PROGRAM TITLE: 	Earth Observing System (EOS)
ACTIVITY STREAMS: 	Observations, Process Studies, Integrative 
Modeling and Prediction, Assessment
SCIENCE ELEMENTS:	Climate and Hydrological Systems
				Biogeochemical Dynamics
				Ecological Systems and Dynamics
				Solid Earth Processes
				Solar Influences
				Data and Information Management


SCIENTIFIC MERIT:  EOS will provide an integrated, 
comprehensive measurement program for systematic observation of 
the whole Earth from space that will enable scientists to both 
monitor global change and study a wide range of processes 
governing the environment.  In particular, EOS will provide 
observations and focused research on:

1. Water and Energy Cycles
--	Cloud formation, dissipation, and radiative properties, 
	which influence response of the atmosphere to greenhouse forcing
--	Large-scale hydrology and moisture processes, including 
	precipitation and evaporation

2. Oceans
--	Exchange of energy, water, and chemicals between ocean 
	and atmosphere, and between the upper layers of the ocean and 
	deep ocean (includes sea ice deformation of bottom water)
--	Sources and sinks of greenhouse gases

3. Chemistry of Troposphere and Lower Stratosphere
--	Links to the hydrologic cycle and ecosystems, transformations 	
	of greenhouse gases in the atmosphere, and interactions inducing 

4. Land Surface Hydrology and Ecosystem Processes
--	Improved estimates of runoff over the land surface and into 
	the oceans
--	Sources and sinks of greenhouse gases
--	Exchange of moisture and energy between the land surface 
	and atmosphere
--	Changes in land cover

5. Glaciers and Polar Ice Sheets
--	Predictions of sea level and global water balance

6. Chemistry of the Middle and Upper Stratosphere
--	Chemical reactions, solar-atmosphere relations, and sources and 
	sinks of radiatively important gases

7.  Solid Earth
--	Volcanoes and their role in climate change.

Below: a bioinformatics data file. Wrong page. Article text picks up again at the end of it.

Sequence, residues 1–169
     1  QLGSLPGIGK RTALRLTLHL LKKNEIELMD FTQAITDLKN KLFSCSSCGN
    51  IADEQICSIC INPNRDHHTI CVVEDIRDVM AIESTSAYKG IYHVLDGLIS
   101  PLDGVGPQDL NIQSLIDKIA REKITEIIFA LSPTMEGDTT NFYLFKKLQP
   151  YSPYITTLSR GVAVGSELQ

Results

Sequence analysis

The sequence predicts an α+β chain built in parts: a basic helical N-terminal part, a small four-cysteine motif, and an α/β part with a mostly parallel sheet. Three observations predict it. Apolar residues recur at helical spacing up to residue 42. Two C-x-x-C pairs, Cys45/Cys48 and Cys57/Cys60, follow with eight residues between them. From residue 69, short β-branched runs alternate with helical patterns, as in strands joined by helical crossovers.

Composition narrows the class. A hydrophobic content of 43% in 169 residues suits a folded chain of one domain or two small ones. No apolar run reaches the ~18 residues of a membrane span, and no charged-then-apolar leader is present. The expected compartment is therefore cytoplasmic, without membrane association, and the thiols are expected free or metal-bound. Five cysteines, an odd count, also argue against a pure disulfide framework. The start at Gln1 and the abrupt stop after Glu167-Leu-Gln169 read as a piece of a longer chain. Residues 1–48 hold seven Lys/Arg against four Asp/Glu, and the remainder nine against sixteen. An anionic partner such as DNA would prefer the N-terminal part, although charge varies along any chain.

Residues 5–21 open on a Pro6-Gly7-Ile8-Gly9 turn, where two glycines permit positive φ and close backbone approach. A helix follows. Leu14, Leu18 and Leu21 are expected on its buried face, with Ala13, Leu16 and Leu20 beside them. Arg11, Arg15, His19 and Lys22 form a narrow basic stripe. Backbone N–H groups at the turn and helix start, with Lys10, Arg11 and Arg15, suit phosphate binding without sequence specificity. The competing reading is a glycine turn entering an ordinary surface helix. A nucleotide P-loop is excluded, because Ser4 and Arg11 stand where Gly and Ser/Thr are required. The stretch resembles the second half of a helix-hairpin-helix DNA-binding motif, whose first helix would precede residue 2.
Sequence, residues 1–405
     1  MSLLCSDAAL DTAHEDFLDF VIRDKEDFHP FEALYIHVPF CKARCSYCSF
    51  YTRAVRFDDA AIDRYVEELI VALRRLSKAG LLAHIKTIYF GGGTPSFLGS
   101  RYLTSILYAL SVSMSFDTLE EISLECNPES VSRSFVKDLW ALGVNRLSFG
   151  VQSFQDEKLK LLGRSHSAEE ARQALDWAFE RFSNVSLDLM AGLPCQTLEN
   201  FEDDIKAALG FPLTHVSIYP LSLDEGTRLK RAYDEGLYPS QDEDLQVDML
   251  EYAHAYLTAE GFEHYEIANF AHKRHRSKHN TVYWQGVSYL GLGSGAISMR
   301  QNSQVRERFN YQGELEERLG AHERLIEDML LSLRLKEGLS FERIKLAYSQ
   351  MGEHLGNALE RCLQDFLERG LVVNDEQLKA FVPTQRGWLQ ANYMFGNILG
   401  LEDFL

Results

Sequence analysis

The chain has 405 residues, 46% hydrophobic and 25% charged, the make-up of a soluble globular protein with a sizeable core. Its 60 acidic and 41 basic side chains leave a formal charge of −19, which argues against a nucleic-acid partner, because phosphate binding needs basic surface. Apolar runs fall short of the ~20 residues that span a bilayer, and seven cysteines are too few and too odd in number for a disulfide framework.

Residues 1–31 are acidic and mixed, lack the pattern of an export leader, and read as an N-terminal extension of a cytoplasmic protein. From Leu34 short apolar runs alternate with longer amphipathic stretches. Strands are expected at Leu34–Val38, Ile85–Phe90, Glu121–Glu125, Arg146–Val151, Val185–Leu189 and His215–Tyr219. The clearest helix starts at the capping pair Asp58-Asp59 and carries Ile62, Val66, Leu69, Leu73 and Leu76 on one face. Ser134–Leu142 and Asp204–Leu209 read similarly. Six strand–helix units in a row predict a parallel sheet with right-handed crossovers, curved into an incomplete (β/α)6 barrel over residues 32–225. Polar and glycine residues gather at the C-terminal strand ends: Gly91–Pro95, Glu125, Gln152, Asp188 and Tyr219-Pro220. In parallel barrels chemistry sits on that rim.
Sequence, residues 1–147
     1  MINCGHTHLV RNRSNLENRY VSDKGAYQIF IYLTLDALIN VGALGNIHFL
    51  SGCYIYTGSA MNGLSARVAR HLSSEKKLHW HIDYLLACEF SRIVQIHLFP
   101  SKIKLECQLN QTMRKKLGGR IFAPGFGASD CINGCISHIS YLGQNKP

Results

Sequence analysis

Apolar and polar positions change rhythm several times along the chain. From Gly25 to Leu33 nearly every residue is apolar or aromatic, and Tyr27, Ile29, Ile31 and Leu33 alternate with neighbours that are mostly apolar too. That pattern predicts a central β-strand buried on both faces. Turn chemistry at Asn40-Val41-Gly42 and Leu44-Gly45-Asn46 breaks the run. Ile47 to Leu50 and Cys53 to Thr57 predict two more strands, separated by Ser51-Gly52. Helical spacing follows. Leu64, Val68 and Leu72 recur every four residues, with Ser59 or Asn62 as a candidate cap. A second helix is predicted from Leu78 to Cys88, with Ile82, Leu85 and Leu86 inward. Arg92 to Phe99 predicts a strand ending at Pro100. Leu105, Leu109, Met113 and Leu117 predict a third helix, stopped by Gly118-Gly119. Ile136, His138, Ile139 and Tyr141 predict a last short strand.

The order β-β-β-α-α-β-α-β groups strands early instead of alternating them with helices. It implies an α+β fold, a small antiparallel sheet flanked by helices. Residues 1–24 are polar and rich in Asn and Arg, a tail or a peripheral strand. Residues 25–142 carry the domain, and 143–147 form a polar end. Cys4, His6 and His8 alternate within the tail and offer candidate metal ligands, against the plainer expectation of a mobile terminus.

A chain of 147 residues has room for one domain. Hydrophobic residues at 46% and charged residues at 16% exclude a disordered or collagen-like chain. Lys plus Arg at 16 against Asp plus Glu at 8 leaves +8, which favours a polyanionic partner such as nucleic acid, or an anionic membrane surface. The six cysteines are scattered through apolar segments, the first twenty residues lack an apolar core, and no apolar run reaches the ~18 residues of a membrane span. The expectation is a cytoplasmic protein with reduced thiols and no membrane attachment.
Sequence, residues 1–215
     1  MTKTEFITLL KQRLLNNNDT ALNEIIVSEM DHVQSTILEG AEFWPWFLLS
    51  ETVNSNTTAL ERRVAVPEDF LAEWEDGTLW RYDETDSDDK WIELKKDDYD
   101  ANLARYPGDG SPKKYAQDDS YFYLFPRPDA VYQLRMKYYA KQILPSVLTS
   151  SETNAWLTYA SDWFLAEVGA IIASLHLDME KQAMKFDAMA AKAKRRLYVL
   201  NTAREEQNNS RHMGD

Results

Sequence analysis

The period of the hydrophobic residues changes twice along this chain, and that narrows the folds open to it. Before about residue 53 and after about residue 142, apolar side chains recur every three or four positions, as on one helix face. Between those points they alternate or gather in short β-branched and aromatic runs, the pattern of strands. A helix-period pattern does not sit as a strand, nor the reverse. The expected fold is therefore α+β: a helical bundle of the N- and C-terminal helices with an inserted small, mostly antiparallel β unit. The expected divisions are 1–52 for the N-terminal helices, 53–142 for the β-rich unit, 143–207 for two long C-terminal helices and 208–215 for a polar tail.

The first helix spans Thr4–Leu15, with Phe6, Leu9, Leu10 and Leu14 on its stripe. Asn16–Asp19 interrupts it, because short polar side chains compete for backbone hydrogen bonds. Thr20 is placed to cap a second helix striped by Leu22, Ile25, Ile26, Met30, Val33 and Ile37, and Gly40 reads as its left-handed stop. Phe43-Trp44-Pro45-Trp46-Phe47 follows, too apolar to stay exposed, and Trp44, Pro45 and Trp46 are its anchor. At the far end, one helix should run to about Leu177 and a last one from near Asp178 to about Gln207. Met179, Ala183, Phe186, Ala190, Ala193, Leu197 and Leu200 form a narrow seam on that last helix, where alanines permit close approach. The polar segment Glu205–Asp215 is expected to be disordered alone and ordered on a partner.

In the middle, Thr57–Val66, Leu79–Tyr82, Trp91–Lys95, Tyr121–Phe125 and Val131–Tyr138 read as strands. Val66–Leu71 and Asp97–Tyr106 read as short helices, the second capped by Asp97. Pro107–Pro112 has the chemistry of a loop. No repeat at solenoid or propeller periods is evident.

EOS research will be accomplished, in part, through the flight 
of advanced research sensors on polar orbiting platforms and 
other low-altitude, Earth-orbiting spacecraft.  These satellites will 
provide global coverage to observe all land, oceans and atmosphere.  
This observing system will be operated for at least 15 years 
beginning in 1998.

EOS is based on a rich scientific heritage; each instrument 
type baselined for EOS has flown, or will fly, prior to EOS launch, as 
a satellite, Space Shuttle, aircraft, or balloon payload.  All the 
data will be reduced, analyzed, and made readily available to the 
EOS research community and others through the EOS Data and 
Information System (EOSDIS).

Scientific guidance of the development and deployment of EOS 
measurement capabilities is provided by selected interdisciplinary 
research teams and other scientific participants affiliated with and 
supporting each of the EOS instruments.  The scientists funded under 
the EOS are developing new models and extending the capabilities of 
those that now exist, as well as analyzing current data that 
contribute to global change research.  Their activities include 
developing conceptual, diagnostic, and predictive models along with 
data assimilation techniques for incorporating satellite and other